The five buddies are Patsos, Baffa, Dinger, Chris Bowers and Corey Matus.
Patsos and Baffa are lance corporals; the other three are privates first class.
Matus is the only active-duty Marine, and he's currently stationed at Fort Sill, Okla.
The other four are reservists, in the same company, unit and duty station. They're with Delta Company of the 4th Light Armored Reconnaissance Battalion, based at Camp Upshur on Quantico Marine Corps Base.
They're using their military benefits to attend Germanna Community College. All four also have part-time jobs.
Patsos and Baffa were the first to leave for boot camp, a few weeks after high school graduation.
The two look alike, and their platoon leaders couldn't always tell them apart. Sometimes, one would speak to Patsos or Baffa and ask about his "twin sister."
They're both Italian, about the same height, with the same dark eyes, hair and skin tone.
"And they're both ugly," quipped Bowers.
That's part of being in this private platoon, too--taking constant abuse.
But when the two returned from boot camp, their friends noticed a change. They saw a difference in how they carried themselves and talked with others, as well as their attitude and discipline.
The three others went to the local recruiting office as well, even though Dinger swore he'd never join the Marines. He'd watched their ads on TV when he was younger and vowed he wanted no part of the Corps.
But Dinger discovered it wasn't as "horrific" as everyone who's ever watched "Full Metal Jacket" might think. He also came back from boot camp a new man.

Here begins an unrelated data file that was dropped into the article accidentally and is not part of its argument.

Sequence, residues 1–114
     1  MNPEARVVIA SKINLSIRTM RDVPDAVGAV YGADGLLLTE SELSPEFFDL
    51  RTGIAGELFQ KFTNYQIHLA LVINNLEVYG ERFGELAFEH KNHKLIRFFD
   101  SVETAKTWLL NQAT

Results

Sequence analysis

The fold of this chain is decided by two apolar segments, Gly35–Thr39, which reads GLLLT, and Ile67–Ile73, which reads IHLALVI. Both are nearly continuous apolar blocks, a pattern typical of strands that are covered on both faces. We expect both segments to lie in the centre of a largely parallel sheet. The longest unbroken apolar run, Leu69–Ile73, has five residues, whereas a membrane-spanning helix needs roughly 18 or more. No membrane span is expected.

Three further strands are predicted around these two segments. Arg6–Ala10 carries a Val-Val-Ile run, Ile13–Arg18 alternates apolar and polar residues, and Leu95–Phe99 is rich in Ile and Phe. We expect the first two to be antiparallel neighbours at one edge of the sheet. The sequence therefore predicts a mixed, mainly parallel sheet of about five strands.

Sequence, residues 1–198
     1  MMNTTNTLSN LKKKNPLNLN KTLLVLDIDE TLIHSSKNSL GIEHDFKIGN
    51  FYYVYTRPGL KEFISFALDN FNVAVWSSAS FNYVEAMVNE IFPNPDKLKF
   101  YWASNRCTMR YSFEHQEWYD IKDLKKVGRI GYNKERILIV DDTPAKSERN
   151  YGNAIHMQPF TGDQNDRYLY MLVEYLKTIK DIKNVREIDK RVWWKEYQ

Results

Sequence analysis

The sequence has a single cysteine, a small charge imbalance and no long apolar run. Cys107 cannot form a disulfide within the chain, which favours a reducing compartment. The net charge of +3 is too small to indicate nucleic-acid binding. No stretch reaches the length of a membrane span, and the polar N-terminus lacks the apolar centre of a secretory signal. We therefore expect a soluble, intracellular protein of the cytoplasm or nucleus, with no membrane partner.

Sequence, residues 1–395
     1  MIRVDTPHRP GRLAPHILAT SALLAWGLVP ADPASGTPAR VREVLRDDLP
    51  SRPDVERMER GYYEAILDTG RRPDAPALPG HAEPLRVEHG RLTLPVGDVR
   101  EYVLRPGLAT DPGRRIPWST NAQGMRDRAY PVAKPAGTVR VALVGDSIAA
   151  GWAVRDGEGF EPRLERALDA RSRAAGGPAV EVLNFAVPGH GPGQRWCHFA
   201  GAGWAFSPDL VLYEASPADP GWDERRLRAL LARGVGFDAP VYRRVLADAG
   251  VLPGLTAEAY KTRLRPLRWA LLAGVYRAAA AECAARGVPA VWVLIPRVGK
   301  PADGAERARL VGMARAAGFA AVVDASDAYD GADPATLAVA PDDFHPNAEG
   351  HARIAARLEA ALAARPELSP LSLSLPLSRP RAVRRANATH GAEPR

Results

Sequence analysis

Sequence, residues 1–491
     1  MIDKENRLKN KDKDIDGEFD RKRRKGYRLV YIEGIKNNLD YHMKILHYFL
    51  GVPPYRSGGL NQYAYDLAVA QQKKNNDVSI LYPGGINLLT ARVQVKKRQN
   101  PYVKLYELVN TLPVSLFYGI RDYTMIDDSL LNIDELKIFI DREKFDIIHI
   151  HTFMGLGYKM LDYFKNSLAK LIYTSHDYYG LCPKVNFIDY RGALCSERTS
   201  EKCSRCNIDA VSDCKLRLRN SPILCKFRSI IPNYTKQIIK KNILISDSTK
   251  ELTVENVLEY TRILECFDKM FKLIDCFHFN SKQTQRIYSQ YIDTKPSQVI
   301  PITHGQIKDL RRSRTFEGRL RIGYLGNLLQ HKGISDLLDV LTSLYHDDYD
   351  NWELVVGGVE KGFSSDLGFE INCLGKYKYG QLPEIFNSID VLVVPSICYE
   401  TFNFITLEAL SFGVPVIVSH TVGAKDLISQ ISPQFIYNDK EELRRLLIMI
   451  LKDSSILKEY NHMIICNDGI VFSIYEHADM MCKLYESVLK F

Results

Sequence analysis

"When he left, he was 6-foot tall," Patsos said. "Now he's 6-4. You just hold yourself higher after you've been through this."
'Always the five of us'
All five had other friends in high school, in addition to the core group. Bowers even played on the state-championship soccer team and had plenty of buddies who were jocks.
Each tried to bring some of their other friends into "the group," as they like to call themselves.
"But at the end of the day, it's always the five of us," Baffa said.
It's tough on them, being apart from Matus. They worry he'll get shipped to California next, and they won't see him between assignments.
"It's hard, because you're so tight," Bowers said.
"But I talk to him almost every day," Baffa added.
The group has been even closer since finishing their 13 weeks of boot camp. Each understands what the others have been through and talks at length about the "essence" of being a Marine, Baffa said.
The men also spend a lot of time on another favorite pastime: fishing. They'll be out on the Rappahannock River until the wee hours of the morning, talking about what will happen if they get deployed or how they'd like to live, next to each other, and raise their children together.
"There's nothing that can break us up. Absolutely nothing," Baffa said.Fredericksburg.com - Longtime friends are now all Marines